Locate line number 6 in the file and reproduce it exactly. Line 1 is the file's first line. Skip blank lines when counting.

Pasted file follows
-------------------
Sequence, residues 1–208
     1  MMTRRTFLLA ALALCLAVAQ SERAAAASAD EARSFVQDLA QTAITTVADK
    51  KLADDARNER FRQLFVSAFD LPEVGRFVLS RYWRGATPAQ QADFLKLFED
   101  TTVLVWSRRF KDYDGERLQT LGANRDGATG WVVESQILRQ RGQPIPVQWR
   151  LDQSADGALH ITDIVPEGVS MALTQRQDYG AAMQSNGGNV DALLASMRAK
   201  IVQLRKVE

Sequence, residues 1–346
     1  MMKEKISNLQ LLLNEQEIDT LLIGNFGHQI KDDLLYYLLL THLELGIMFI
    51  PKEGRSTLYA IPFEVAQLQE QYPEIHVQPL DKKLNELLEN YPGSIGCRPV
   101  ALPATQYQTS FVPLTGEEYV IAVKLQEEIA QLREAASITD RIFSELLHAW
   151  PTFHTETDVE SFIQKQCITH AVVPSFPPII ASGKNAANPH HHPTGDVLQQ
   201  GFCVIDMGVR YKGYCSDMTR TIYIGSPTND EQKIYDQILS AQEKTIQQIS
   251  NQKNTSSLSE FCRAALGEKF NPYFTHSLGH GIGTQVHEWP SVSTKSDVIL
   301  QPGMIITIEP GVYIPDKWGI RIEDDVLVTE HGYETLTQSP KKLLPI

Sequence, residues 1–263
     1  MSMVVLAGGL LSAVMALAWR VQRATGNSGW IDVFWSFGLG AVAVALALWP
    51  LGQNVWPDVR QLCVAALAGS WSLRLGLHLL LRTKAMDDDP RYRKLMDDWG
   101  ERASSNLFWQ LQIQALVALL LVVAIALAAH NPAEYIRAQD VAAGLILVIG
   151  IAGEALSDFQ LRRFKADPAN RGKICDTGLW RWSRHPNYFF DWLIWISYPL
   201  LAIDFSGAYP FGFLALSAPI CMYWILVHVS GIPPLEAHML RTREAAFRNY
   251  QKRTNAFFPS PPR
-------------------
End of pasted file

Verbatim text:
   201  IVQLRKVE